14. Weinstein MC, Stason WB. Cost-effectiveness of coronary artery bypass surgery. Circulation. 1982;66(suppl III):56–66. [PubMed]
15. Schwartz L, Kip KE, Alderman E, et al. Baseline coronary angiographic findings in the Bypass Angioplasty Revascularization Investigation 2 Diabetes trial (BARI 2D) Am J Cardiol. 2009;103:632–638. [PubMed]
16. Gray A, Clarke P, Farmer A, Holman R. Implementing intensive control of blood glucose concentration and blood pressure in type 2 diabetes in England: Cost analysis (UKPDS 63) BMJ. 2002;325:860. [PMC free article] [PubMed]
17. Clarke PM, Gray AM, Briggs A, Stevens RJ, Matthews DR, Holman RR. Cost-utility analyses of intensive blood glucose and tight blood pressure control in type 2 diabetes (UKPDS 72) Diabetologia. 2005;48:868–877. [PubMed]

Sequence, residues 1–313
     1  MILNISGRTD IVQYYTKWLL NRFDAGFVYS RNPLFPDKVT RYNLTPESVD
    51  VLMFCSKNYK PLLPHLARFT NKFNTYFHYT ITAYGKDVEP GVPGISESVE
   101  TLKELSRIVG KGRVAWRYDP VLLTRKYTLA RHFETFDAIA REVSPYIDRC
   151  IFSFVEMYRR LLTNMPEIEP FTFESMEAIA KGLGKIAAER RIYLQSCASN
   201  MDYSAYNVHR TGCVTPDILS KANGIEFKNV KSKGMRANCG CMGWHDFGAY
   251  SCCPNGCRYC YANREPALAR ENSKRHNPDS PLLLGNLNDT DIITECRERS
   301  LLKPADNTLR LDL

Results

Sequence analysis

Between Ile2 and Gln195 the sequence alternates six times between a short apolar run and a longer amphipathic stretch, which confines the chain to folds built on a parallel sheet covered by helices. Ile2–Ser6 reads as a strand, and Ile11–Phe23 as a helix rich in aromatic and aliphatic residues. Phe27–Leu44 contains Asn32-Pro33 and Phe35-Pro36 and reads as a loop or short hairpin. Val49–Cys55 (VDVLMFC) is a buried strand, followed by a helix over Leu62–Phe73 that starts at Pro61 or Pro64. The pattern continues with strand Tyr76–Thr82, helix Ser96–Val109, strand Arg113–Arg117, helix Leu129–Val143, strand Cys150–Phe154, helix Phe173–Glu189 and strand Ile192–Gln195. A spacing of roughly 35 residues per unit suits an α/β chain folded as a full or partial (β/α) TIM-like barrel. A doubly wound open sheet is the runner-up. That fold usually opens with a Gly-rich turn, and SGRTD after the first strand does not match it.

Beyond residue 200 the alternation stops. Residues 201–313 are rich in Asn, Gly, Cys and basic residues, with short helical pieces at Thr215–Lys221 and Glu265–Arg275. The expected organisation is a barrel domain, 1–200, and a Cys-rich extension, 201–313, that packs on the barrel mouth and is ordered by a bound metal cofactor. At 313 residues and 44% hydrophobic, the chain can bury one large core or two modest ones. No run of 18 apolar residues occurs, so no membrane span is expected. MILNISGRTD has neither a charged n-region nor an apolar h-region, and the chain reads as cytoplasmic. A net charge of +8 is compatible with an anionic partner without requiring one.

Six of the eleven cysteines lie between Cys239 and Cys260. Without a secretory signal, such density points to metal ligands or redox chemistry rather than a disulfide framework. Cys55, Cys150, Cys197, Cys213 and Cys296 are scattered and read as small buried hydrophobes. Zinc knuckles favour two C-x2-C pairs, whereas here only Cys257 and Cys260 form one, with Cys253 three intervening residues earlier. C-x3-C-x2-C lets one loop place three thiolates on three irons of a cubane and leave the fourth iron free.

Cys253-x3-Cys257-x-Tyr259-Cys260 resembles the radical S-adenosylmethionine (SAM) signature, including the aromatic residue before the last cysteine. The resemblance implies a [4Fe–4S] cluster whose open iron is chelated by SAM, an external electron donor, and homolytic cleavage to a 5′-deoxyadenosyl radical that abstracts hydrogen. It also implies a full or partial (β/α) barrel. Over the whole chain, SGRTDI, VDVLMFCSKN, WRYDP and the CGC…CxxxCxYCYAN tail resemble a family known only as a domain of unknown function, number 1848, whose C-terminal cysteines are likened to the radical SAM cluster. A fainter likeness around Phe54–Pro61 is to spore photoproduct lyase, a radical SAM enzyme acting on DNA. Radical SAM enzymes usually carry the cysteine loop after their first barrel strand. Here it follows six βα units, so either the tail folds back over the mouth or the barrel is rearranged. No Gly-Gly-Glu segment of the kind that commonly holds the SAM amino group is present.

18. Gaede P, Valentine WJ, Palmer AJ, et al. Cost-effectiveness of intensified versus conventional multifactorial intervention in type 2 diabetes. Results and projections from the STENO-2 study. Diab Care. 2008;31:1510–1515. [PMC free article] [PubMed]
19. Wake N, Hisashige A, Katayama T, et al. Cost-effectiveness of intensive insulin therapy for type 2 diabetes: A 10-year follow-up of the Kumamoto study. Diabetes Res Clin Pract. 2000;48:201–210. [PubMed]
20. Wagner EH, Sandhu N, Newton KM, McCulloch DK, Ramsey SD, Grothaus LC. Effect of improved glycemic control on health care costs and utilization. JAMA. 2001;285:182–189. [PubMed]